Educating prospects and clients on the financial value and living benefits of life insurance can make the difference when it comes to selling more policies. (Graphic: Provided by LIMRA)
Understanding the already insured
According to Scanlon, senior research director at LIMRA, there’s much to celebrate in the life insurance industry. His research indicates that more than 87 million American households own life insurance, up five million since 2010.
“The coverage gap is larger among households that own life insurance ($7 trillion), than among households that don’t own life insurance ($5 trillion),” he says.
Scanlon adds that approximately 9 million households own only group life insurance.
“Since this segment already believes in the value proposition of life insurance but need supplemental coverage,” he says, “it makes them an important target market.”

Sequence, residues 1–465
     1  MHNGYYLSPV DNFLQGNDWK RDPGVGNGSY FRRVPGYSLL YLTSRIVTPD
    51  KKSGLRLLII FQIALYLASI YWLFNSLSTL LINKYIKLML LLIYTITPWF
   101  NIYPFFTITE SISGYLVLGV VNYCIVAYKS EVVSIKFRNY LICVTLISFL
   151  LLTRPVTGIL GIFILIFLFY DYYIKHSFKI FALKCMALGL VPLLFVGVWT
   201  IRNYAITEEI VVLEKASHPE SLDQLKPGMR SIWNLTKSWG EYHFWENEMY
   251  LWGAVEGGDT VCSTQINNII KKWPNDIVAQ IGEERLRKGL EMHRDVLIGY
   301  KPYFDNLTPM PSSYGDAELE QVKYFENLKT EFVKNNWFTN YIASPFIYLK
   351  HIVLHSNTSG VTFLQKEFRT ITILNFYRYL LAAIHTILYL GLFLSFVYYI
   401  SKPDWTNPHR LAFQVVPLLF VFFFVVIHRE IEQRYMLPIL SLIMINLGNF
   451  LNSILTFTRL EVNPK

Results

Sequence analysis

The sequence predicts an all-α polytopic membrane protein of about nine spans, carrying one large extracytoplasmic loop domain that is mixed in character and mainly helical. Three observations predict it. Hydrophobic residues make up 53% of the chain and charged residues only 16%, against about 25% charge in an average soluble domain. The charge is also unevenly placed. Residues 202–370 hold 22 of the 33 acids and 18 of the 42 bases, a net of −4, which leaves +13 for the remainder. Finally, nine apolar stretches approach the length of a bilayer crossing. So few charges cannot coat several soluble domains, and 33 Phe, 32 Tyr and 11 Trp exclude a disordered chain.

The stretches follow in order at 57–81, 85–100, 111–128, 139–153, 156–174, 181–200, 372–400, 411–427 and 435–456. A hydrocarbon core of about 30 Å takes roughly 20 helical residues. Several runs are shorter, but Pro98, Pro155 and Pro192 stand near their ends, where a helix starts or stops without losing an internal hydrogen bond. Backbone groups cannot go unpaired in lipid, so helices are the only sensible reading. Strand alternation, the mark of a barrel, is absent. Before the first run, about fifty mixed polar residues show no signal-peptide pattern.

For Amis, another huge opportunity is with the children and grandchildren of his retired clients. By building the relationship with insured clients, he’s often able to meet with and gain the trust and business of their families.
“In our practice, we focus on seniors, but we have been working more and more with their extended families and gaining new business there,” Amis says.
Embracing technology and the development of new technology will go a long way toward bridging the uninsured and underinsured gap. (Photo: iStock)
Mobile device initiatives
According to LIMRA data, insurance companies have experienced tremendous growth in consumer-facing technology over the past five years.
Three main factors are pushing life insurers to adopt mobile capabilities:
- Keeping pace with competitors;
- Keeping pace with consumer demand; and
- Providing better service to policy owners.
Mary Art is the director of distribution and technology research at LIMRA. “More companies are making it possible to access their websites, whether they’re using a desktop, a smartphone or some other device,” she says.